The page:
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ZENITH El Primero Pilot Diver Automatic Chronograph 3019PHC RARE Vintage 1972

£5,500.00Price
The ZENITH 
El Primero 
Automatic Chronograph 
PILOT DIVER 
Calibre 3019PHC
 
ALL ORIGINAL & Full Service 2018 
Bakelite Bezel 
 
Ref. 01-0190-415
  • Full Spec

    A Near Legendary Iconic Watch of The Early 70s Abeast of The Depths and The Air
     
    The ZENITH 
    El Primero 
    Automatic Chronograph 
    PILOT DIVER 
    Calibre 3019PHC
     
    ALL ORIGINAL & Full Service 2018 
    Bakelite Bezel 
     
    Ref. 01-0190-415
     
    One of Only 2500 reported Pilot Divers ever produced and 1/800 black dial Divers bezel configuration 
    Making the Zenith PILOT DIVER a "Rare Bird" indeed.
     
    This Zenith Pilot/Diver was produced from 1971/1972 to 1975 and production numbers are still debated; some sources talk about 2,500 pieces, while others state numbers as low as 1,000 pieces in different variations. The variations in question had mainly to do with different bezels: a diver’s bezel with a 1-55 graduation and an aviator’s bezel with numerals 1 through 12. The Pilot/Diver was introduced by Zenith in order to compete with the other well-known, high-class chronographs of the time, namely the Breitling Navitimer, various Heuers (Autavias & Carreras) and the Omega Speedmaster. The Zenith Pilot/Diver was strategically pitched to the market as a sport chronograph. 
     
    Its main characteristic included firstly its enormous size: at a time when 40mm watches were considered huge, the Pilot/Diver measured 44mm in diameter and 13.9mm in thickness – undoubtedly a big and hefty chronograph. Its second main feature was its twofold character. The different bezel transfigured the usage of the watch from a pilot to a diver chronograph. Thirdly, and most important, was its heart. The El-Primero 3019PHC, something that we will touch upon later.
     
    The Case 
    On the wrist, its size dominates one’s first impression; however, it is balanced by the excellently constructed tonneau-shaped case. From this perspective, it can be compared to the Heuer Autavia, although that one has a smaller diameter. The robust case features polished and brushed finish.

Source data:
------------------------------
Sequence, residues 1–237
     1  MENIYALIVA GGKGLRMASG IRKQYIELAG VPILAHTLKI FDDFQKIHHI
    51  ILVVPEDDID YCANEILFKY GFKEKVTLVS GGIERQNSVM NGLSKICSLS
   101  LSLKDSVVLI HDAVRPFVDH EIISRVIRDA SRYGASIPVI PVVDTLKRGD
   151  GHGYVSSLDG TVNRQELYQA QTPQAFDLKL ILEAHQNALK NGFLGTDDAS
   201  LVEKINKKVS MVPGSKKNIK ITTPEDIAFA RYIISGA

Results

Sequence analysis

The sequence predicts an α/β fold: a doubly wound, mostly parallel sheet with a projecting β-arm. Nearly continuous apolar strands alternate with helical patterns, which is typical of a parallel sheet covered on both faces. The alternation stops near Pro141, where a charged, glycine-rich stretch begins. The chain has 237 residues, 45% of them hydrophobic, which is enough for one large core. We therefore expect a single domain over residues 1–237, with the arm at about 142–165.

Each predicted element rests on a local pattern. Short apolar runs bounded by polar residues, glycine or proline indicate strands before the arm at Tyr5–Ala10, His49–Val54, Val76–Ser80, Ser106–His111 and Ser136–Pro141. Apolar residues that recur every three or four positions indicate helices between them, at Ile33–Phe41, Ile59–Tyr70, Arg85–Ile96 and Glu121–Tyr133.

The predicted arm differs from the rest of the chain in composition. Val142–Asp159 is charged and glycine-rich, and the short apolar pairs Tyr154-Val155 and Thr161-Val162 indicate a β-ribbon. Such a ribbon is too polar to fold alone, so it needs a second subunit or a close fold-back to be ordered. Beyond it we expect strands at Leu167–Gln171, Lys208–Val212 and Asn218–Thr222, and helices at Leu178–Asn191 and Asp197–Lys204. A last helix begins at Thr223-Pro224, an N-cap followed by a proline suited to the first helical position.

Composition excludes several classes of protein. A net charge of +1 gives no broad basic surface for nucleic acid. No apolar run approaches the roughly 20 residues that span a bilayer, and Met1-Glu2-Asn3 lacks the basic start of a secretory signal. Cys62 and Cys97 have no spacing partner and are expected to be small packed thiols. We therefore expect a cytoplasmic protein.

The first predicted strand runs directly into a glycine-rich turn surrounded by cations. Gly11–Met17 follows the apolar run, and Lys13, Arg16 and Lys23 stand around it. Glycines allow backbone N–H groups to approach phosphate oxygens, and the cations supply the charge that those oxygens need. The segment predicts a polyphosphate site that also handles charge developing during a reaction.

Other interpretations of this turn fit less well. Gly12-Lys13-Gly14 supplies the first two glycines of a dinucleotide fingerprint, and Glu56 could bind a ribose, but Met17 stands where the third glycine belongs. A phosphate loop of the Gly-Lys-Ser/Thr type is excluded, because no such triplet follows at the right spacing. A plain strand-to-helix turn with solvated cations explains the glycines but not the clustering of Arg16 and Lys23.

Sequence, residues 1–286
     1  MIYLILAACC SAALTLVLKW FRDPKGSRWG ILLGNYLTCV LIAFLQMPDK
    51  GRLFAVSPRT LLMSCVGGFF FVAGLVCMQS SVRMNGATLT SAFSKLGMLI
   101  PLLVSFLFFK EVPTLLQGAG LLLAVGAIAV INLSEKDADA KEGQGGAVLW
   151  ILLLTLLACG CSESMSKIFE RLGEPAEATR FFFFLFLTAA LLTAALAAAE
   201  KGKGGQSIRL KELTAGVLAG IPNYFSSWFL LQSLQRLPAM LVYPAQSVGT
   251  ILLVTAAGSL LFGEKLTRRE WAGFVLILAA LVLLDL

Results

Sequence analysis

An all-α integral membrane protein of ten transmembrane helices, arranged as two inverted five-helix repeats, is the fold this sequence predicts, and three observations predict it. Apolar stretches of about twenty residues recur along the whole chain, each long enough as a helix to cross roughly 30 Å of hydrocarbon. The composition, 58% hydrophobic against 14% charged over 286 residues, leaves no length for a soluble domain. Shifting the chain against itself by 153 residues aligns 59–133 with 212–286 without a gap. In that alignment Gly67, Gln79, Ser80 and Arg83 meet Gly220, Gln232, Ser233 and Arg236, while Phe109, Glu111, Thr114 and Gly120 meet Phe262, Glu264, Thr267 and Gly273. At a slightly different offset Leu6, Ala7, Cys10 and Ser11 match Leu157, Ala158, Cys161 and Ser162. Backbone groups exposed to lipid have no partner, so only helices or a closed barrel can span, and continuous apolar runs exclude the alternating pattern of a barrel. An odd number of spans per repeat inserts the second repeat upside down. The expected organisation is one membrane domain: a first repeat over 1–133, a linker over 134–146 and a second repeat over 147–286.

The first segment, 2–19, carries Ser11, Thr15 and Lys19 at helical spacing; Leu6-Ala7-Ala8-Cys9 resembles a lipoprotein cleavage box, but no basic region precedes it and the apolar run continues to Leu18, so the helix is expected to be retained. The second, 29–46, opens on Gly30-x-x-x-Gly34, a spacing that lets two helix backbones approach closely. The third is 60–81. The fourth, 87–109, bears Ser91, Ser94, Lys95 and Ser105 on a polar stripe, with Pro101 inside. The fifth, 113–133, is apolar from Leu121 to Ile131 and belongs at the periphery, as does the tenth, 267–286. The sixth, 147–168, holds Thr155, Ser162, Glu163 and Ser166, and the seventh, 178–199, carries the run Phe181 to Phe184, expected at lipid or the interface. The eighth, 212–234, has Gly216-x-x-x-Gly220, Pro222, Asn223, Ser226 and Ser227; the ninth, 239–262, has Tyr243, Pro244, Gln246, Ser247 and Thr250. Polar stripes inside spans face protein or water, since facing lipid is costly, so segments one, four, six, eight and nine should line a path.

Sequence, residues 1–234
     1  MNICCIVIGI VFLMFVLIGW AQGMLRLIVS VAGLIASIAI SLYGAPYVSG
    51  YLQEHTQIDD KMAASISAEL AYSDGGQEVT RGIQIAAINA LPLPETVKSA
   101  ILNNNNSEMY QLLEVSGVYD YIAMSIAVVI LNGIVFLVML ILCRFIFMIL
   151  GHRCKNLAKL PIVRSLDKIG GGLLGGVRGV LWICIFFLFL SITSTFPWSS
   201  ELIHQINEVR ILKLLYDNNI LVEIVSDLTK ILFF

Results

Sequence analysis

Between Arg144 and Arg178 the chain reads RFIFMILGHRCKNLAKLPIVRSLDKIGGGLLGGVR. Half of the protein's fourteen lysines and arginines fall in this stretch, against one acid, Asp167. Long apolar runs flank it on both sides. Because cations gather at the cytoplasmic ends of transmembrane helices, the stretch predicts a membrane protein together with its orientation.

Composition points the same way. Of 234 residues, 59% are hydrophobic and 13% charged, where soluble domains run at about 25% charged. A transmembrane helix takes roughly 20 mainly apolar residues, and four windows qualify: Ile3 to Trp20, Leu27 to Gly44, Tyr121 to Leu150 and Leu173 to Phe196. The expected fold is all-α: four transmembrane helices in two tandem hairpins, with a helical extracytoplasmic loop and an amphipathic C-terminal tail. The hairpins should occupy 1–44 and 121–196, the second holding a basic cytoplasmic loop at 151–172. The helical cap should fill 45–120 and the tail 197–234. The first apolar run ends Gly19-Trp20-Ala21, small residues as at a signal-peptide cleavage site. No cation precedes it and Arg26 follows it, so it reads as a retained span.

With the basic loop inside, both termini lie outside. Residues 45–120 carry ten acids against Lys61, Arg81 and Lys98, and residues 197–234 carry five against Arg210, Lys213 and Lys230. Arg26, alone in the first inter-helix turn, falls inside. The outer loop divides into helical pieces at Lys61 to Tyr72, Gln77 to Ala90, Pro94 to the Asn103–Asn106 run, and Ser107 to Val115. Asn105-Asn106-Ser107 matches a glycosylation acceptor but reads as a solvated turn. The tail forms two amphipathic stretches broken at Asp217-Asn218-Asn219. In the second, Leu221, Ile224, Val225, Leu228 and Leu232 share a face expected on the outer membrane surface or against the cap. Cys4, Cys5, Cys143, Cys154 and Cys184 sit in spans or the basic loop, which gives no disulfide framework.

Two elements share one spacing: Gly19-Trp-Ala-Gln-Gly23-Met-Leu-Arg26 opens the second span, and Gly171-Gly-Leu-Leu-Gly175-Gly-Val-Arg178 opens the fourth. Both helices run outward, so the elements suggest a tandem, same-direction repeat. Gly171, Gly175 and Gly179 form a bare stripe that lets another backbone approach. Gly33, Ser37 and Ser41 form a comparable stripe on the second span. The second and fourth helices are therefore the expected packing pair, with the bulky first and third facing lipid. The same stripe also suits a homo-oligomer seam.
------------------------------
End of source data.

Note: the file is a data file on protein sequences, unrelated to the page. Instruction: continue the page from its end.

The case is 44mm in diameter 45mm lug tip to lug tip and with a 22mm lug spacing. 
     
    The Bezel
    Black Bakelite Original 1972 bezel, bi-directional 60 click classic divers count up bezel, 
    Tritium lume triangle at 12 and it's easy to spot an original bezel with a later service replacement the earliest bezels have rounded edges whilst latter tringles are sharper points. 
     
    The Dial
     Like any other diver dial read apparatus or pilots dashboard instruments (and in this case both!)The Tool watch is designed to give maximum read clarity at a glance. 
    The crisp white detail on the stark black backdrop achieve this excellently, 
    with subsidiary dials for the 12-hour and 30-minute register and the constant seconds. Around the dial is a chapter ring with markers for the minutes, seconds and 1/5th seconds. There is an outer tachometer scale and finally, the aperture for the date is positioned between 4 and 5. Despite all this information, the dial is not cluttered at all. 
     
    All this visible under the original Saphire glass crystal. 
     
    The Band 
    Original ZENITH "Big Link" bracelet, one of Two variation bracelets originally sold with the "Pilot Diver" the most common being the Gay Freres "lobster" band Rarity aside I prefer the Zenith Bracelet 
     
    The Movement 
    The El Primero
     
    It was in 1962 that the basics of the El Primero movement first took shape on the drawing board. The idea was simple: to create an iconic watch that would be launched in time for the centenary of the Manufacture in 1965. The idea was simple, but the technical specifications were not. It was to be the first automatic chronograph ever. Better still, the caliber was to be fully integrated and designed as an inseparable whole. There would be no additional module, but instead a construction built around a column wheel and a central rotor mounted on ball bearings. It would also need to beat at a high frequency in order to be the world’s most accurate chronograph. To complicate matters still further, the movement was to be miniaturised and equipped with a date mechanism. All these factors amounted to an equation so complex that it would take seven years to solve it – four years past the anniversary date.